Cathy Gardner’s 88-year-old father was supposed to be safe. But he died from “probable Covid-19” after a fellow care home resident was discharged from hospital. Now she tells Sophie Gallagher she wants answers 

Between March and June, coronavirus became the leading cause of death in male care home residents in England and Wales, and the second leading cause of death in female residents. Since March, there have been at least 30,000 excess deaths in care homes due to the coronavirus, impacting thousands of families up and down the country.

“Our care homes were effectively thrown to the wolves,” concluded Meg Hillier MP, Chair of the House of Commons Public Accounts Committee, which published a damning report on 29 July. It ruled that government policy to clear NHS hospital beds, which meant patients were discharged to care homes until mid-April without ever having a Covid-test, had been an “appalling error”.

Not only were visitors allowed to visit care homes till 2 April (after lockdown), but it wasn’t until 15 April that the Department of Health began Covid-testing all residents before re-admitting them from hospital to care homes. Prior to that, there had been no requirement to do so. This led to care homes feeling pressured to take residents back with no knowledge of whether they were now carrying the virus. Approximately 25,000 people were discharged with no test.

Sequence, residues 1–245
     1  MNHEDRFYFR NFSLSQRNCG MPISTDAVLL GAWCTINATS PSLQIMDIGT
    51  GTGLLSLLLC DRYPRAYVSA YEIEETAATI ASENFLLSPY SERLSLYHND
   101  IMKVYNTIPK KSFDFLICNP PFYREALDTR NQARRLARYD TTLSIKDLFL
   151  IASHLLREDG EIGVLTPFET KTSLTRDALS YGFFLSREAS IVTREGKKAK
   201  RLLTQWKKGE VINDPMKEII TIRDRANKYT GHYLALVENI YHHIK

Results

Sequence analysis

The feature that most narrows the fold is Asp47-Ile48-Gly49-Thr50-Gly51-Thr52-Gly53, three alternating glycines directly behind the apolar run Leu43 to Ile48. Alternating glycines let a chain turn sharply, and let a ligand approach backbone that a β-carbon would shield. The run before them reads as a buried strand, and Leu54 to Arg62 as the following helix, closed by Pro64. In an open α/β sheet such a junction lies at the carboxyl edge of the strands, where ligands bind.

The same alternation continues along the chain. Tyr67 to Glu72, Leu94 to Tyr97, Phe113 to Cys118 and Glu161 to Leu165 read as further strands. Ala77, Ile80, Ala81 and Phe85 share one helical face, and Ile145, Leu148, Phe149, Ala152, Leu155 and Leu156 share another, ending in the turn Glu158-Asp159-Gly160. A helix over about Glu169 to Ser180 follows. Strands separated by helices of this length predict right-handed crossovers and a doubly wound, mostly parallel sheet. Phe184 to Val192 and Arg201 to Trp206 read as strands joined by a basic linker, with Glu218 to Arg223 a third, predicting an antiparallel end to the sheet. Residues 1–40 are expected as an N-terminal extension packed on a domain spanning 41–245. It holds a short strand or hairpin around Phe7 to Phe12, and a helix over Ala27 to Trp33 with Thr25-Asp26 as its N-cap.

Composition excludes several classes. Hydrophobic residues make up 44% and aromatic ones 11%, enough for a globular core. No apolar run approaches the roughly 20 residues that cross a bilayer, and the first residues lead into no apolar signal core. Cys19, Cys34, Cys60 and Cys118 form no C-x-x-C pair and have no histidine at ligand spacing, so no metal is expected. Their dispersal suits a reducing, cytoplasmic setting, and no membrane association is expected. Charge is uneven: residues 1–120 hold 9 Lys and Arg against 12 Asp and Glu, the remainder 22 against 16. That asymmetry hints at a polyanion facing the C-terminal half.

Cathy Gardner’s father was in one of those homes.

On Thursday 2 April, a week after lockdown began, Dr Cathy Gardner drove the 161 miles from her home in Sidmouth, Devon, to see her father in an Oxfordshire care home just before he died. Because of Covid-19, Gardner was not allowed inside and instead was taken to the back of the building to watch her sleeping dad, Michael Gibson, through a ground-floor window. He didn’t know she was there in the dark. He died the next day.

The GP who treated the 88-year-old told Gardner that her father was killed by coronavirus, which was likely brought into the home by another resident discharged from hospital. So despite Gibson never leaving the home himself, he became a sitting duck. But without a test to prove he had the virus (there were no widely available tests in care homes till 16 April, 13 days after his death), the death certificate could only record “probable Covid”.